this issue is only exacerbated by its enemy design and placement. most enemies here are very aggressive, with fast attacks and the capability of dishing out sizable damage. you’ll find that even the smallest encounter can be dangerous. again — this in and of itself is not an issue. its when you pair this with your sluggish movement speed that this becomes insufferable. enemies can attack you faster than you are able to dodge and there will be upwards of 5 to 15 (probably more) of them in each area. this created a cycle of me going through an area and being mauled to death, having to restart from my previous save point or barely making it by the skin of my teeth in hopes that I don’t stumble upon another cheap enemy encounter on my way. you’d think that for how dangerous these enemies are there’d be a greater reward for killing them, right? nope. its actually puzzling to me how rare it is to be rewarded for surviving these hellish encounters. most of the time you won’t even receive a healing item for your troubles. just a pointless and frantic dash to your next destination. how fun.

this makes the very act of exploring (you know, a main pillar of any Metroidvania) not all that enjoyable. even if you decide to go out of your way to do so for whatever reason you’re met with some of the most flaccid rewards I’ve ever seen in the genre. ranging from only contextually useful to inventory waste. weapons in particular are VERY hit and miss. for being the main selling point there’s absolutely no worth in about 98% of them, with the other 2% being the ones you’ll likely stick with throughout the entire game.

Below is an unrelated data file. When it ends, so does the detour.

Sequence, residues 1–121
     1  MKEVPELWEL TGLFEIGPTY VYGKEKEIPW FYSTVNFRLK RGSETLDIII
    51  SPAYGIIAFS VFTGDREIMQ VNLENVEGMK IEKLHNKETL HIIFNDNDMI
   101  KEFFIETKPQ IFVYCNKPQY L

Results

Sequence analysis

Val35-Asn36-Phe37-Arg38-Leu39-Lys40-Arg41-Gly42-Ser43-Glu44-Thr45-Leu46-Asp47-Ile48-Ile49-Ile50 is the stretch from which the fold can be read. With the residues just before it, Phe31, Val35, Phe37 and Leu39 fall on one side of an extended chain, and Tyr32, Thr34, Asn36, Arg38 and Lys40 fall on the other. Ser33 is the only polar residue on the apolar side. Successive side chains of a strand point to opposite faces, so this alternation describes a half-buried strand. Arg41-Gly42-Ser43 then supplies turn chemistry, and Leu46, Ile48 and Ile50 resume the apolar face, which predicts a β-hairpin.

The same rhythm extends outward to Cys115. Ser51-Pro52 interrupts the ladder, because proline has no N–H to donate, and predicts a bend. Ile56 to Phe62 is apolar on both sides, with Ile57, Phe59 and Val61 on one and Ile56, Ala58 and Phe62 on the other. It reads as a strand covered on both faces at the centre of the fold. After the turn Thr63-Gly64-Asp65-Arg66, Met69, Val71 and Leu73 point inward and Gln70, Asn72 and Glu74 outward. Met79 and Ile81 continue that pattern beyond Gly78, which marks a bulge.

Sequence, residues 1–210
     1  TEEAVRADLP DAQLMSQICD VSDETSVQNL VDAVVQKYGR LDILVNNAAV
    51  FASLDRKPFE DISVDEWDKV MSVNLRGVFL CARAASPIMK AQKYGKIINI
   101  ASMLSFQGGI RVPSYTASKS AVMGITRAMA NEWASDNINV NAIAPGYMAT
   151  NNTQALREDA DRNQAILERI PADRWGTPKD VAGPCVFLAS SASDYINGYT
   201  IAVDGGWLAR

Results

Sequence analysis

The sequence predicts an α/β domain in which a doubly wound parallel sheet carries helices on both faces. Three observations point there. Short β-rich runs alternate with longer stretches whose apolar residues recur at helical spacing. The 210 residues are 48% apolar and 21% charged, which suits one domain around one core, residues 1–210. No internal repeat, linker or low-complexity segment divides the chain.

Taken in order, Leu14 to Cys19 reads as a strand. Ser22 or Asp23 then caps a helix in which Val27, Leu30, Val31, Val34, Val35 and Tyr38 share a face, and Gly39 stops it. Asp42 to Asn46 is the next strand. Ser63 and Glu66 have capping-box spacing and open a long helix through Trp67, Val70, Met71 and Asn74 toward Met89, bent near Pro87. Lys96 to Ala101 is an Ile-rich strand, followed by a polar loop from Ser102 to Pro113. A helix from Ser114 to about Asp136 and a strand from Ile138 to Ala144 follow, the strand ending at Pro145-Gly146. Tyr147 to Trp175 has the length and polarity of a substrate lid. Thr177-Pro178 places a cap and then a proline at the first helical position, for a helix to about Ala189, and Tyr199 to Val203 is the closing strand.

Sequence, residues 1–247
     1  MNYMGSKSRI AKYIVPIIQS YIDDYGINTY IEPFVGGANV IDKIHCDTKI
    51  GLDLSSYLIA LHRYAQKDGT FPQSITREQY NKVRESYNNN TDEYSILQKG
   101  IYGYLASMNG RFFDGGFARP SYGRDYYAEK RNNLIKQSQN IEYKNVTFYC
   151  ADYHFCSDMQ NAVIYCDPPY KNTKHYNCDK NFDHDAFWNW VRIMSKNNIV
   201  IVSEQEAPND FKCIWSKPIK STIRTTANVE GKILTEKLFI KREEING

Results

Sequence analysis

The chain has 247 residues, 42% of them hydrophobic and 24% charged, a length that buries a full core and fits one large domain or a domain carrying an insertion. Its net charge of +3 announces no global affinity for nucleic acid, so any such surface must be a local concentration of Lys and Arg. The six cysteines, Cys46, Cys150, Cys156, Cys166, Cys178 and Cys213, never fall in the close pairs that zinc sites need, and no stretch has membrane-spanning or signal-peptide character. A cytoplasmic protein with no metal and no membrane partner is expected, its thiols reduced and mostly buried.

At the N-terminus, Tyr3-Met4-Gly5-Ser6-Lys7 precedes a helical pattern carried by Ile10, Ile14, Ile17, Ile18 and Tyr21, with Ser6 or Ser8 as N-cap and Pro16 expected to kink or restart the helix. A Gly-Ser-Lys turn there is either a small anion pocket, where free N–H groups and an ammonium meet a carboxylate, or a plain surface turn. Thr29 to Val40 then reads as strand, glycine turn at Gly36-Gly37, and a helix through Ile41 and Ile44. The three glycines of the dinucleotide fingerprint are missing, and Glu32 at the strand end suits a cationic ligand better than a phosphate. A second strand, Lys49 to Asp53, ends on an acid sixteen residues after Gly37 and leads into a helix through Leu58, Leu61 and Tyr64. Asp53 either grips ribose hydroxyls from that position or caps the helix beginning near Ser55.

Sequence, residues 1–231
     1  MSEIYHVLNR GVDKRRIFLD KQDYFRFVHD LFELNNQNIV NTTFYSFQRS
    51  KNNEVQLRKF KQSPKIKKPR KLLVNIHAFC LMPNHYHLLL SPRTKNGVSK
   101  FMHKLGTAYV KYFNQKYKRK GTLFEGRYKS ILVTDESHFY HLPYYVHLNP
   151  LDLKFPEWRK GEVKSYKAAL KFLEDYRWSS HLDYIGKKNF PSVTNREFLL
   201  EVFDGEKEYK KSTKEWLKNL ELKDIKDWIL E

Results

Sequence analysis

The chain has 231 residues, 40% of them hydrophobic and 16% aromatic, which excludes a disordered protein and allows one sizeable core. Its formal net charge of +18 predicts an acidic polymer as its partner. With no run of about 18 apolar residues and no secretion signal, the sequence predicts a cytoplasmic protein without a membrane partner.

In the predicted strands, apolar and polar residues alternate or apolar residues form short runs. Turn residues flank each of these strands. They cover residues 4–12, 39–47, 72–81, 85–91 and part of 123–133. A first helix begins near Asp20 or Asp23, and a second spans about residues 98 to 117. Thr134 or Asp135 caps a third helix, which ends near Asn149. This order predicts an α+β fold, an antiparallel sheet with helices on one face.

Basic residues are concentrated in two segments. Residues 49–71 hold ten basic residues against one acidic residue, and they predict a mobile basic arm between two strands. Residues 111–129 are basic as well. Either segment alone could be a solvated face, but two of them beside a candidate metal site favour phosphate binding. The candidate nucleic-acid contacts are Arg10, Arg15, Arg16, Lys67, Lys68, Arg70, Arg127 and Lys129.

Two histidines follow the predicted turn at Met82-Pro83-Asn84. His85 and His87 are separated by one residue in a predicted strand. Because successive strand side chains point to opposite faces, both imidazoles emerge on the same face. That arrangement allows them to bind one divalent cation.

on just about every front I believe this fails not only as the spiritual successor it wanted to be but as a Metroidvania experience. which is a shame, considering that there were points at which I was enjoying myself. where I was genuinely impressed at how well the world is woven. the vivid pixel-art being some of the best I’ve seen period. It’s got potential, and for being made by one person this is something they should be very proud of. but as it stands I see it more as a proof of concept for a more refined sequel than an experience I’d find myself returning to.

and if nothing else — this game was excellent at making me want to replay Super Metroid again!

Chill run and fun metroidvania. Some pretty trippy visuals and creative science fiction settings. Worth playing.

A platforming action shooter that I would rank with the likes of super metroid. Absolutely kept my attention until the end and managed to get me involved in the storyline

the bit i played was kinda cool ig. didnt fully capture me tho

Um dos melhores jogos indie que já tive o prazer de jogar, a jogabilidade é muito divertida e lembra um pouco Metroid, mas não é uma mera sessão de nostalgia já que inova muito, os itens são bem escondidos e o jogo não é fácil, mas nunca exagera na dificuldade nem fica injusto, o visual visceral é bonito e o jogo é bem colorido mesmo que as cores sejam um pouco apagadas, a música no estilo tecno é bem animada e um diferencial.